Vulkan will have that larger Mobile market usage for sure, and desktop Linux may not have much of a market share but Desktop Linux only need a small amount of the total PC/Laptop market share to survive. Valve is sill going to be hedging its bets with its Steam OS distro as will many of the games developers that do not want M$ to ever be in a position to cut them out of the loop. Desktop Linux support is an Insurance Policy against Redmond's historical OS market nefariousness! There are still billions of PCs/Laptops out there, new and used, that will be useful beyond 2020 running a Linux Distro so only a small percentage can add up to millions of users.

As far as windows 2023 is windows 8.1’s EOL and with the proper 3rd party software windows 8 can be made tolerable for some windows 7 users while allowing them to avoid windows 10 even longer if necessary. So a lot more Linux Gaming support can evolve in 7 years. Windows 7 can still be used productively locked down in a Linux Kernel based Hypervisor VM/OS instance and run safely from there in an isolated manner.

February 19, 2017 | 06:30 PM - Posted by Scott Michaud

Wait, what? You think I'm afraid of offending Microsoft?

February 17, 2017 | 08:30 AM - Posted by gamerk2 (not verified)

"AMD’s products got a significant performance boost, relative to OpenGL, catapulting their Fury X GPU up to the enthusiast level that its theoretical performance suggested."

It's worth noting the AMD/ATI OpenGL driver path has been in disrepair for decades; anyone remember the X1950 versus the 6800 GTX in Doom 3?

Mobile will use it as it replaces OpenGL-ES. Windows will not, for the same reasons OpenGL on Windows is a rarity: Performance. A tightly integrated API will always outperform.

February 17, 2017 | 03:17 PM - Posted by Anonymous Nvidia User (not verified)

Happy birthday Vulkan. Keep up the smashing success. After all Rome wasn't built in a day. 4 whole games in a year.

The Talos Principle – The first game with Vulkan rendering support.
Dota 2 – Vulkan support released in May 2016.
Doom – Vulkan support released in July 2016. [42]
vkQuake – A Vulkan Quake port was released in July 2016.

And people are trashing on Nintendo Switch for only having around 80 planned for a year. Hypocrites. Or just haters because there's a green iGPU in it.

Here's a clue Vulkan. Get your drivers fixed for Pascal asynchronous compute if you haven't done it already. Might just help speed up the adoption rate getting the #1 market leader for dgpus on your side.

February 19, 2017 | 03:52 PM - Posted by Anonymous (not verified)

You do know that nVidia is the one responsible for Vulkan drivers for Pascal, right? Not "Vulkan" or the Khronos Group.

February 19, 2017 | 08:13 PM - Posted by Anonymous (not verified)

Don't let reality get in the way... XD

February 20, 2017 | 10:43 AM - Posted by Anonymous Nvidia User (not verified)

It has to be coded by both sides for it to work. Hint that's why asynchronous for Pascal will probably never be supported in a Gaming Evilved game.

Timespy and Gears of War 4 have working asynchronous compute for Pascal because they support it in their applications. See how that works.

Vulkan even said that they were working on an update for the Nvidia cards back when Doom was new.

My view of reality is intact. You must live oblivious to everything unless you're spoon-fed it.

February 20, 2017 | 06:58 PM - Posted by Scott Michaud


The Khronos Group doesn't publish software; they publish specifications. Do you mean id Software?

Also, asynchronous compute is a bit of an umbrella. Depending on how the GPU is designed, certain parts of async compute will have more benefit than others, which will also depend upon what the game needs. For instance, IIRC, NVIDIA was first out of the gate with asynchronous compute/memory access ("concurrent copy and execution") back in the GeForce 8 days. As far as we can tell, AMD's architecture is still better able to overlap graphics and compute tasks than Pascal, and that has nothing to do with "Gaming Evolved".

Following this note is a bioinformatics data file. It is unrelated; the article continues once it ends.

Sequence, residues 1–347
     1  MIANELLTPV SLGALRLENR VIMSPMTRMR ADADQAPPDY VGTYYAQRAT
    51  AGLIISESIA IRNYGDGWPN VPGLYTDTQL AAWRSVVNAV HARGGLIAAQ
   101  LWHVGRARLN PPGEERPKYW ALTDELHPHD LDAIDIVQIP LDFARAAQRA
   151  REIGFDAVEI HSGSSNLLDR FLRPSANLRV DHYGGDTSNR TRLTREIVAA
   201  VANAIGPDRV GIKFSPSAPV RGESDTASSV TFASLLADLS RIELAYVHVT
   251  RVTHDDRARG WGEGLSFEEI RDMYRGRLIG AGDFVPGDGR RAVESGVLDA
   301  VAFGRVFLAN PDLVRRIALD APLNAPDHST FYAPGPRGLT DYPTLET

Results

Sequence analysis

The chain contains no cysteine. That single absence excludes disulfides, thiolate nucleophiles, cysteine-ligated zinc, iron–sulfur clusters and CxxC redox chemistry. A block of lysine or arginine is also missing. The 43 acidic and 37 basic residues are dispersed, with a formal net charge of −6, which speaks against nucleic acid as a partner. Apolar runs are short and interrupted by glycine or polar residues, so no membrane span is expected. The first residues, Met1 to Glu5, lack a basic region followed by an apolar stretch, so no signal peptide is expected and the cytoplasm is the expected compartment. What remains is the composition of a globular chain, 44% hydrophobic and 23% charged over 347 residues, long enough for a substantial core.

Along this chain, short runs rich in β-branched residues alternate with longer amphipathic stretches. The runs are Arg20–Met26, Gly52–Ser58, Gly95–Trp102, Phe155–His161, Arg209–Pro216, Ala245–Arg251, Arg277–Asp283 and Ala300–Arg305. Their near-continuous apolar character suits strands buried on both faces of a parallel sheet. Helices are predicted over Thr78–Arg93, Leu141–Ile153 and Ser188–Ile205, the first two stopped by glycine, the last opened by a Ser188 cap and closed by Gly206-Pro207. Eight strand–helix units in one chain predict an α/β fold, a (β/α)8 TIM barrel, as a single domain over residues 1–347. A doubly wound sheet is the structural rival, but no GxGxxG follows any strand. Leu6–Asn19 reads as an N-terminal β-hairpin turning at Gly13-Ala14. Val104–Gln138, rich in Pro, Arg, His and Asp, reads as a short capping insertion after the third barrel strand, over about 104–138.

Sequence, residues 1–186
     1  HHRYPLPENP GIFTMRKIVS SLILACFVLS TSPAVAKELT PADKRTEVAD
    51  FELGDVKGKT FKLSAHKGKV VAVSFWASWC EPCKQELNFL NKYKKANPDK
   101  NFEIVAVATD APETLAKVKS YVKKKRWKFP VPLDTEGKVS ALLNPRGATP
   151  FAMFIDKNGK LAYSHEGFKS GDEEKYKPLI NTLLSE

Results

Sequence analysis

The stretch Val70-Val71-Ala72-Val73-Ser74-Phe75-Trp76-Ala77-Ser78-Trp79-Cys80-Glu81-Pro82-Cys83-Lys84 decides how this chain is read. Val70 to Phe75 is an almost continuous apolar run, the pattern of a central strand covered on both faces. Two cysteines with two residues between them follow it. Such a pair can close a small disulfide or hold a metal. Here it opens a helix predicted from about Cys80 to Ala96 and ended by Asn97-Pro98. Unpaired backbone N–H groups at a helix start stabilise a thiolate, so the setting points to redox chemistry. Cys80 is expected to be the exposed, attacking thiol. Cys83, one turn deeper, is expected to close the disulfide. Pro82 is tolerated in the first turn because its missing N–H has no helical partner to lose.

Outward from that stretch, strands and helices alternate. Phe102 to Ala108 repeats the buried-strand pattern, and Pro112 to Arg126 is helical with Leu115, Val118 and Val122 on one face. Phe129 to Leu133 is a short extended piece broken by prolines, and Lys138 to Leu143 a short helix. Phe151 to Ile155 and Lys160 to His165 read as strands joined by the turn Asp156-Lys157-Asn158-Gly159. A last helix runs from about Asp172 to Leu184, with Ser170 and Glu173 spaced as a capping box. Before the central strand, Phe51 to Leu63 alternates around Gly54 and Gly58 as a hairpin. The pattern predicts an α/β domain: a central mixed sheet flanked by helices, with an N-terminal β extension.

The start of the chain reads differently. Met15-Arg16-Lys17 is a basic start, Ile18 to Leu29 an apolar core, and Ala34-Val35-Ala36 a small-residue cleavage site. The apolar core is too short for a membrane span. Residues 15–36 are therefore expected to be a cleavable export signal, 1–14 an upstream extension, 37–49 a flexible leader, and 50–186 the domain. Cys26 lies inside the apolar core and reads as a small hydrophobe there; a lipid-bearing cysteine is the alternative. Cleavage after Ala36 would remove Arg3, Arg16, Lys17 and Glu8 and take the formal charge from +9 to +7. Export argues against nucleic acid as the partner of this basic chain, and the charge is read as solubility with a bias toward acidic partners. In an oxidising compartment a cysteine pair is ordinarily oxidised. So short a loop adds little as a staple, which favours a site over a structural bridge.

It's kind-of like when people assumed Crysis 2 was artificially harming AMD cards because there was an ocean under the level that stressed tessellation units, which NVIDIA had better capacity for. It now seems that, because of some design decisions that Crytek hard-coded in, the engine couldn't not have an ocean in every level... and even Amazon, after forking the whole engine, still has that constraint (even though it's not rendered unless you can see it now, so there's no performance concern anymore -- but it wouldn't surprise me if that optimization wasn't able to make it into Crysis 2 for completely benign, mundane reasons that had nothing to do with NVIDIA).

(See: "Remove Ocean")

And yes, this probably means that, when playing Star Citizen, there should be a space-ocean within a couple hundred kilometers of you at all times.

Note that this is just my interpretation of things based on work I've done in the past. I don't have official statements backing this up.

February 21, 2017 | 04:04 PM - Posted by Anonymous Nvidia User (not verified)

Scott. Yes Bethesda said they were working on it. You are right about Khronos only publishing specifications. Maybe from the original article I read it wasn't written very clearly or my recall might be the culprit. Thanks for clearing that up about Vulkan.

Maybe to be fair maybe the engines used in most AMD titles are old and need updated to take advantage of asynchronous for Pascal.

The crysis 2 tessellated ocean myth has been debunked but was not widely publicized as the scandal. AMD users can play the game with zero Tess as they have a slider in CCC don't they.

Not like AMD acquiring Warhammer Total War for evolved two months before release. Why is there no investigation? They just changed things to suit the AMD cards better right?

Here a link for the dx12 patch performance.

It does everything you'd expect. Nerfs Nvidia performance but AMD sees large gain.

Nvidia shouldn't lose performance ever. There must be something coded into dx12 that hampers Nvidia's performance then. Why does it always seem to be an evolved game when this happens.

On Nvidia's gameworks dx12 Nvidia don't lose performance; not much benefit for sure but AMD doesn't lose you see. In fact they still have large gains.

I enjoyed Warhammer games in the past but I vote with my wallet. If a game doesn't perform well on my card it doesn't get a sale from me. Maybe when it's in $10 bargin bin I might consider it.

So far I haven't bought an AMD Evolved title and won't be playing on dx12 unless dx11 isn't supported and my win 8.1 is no longer supported.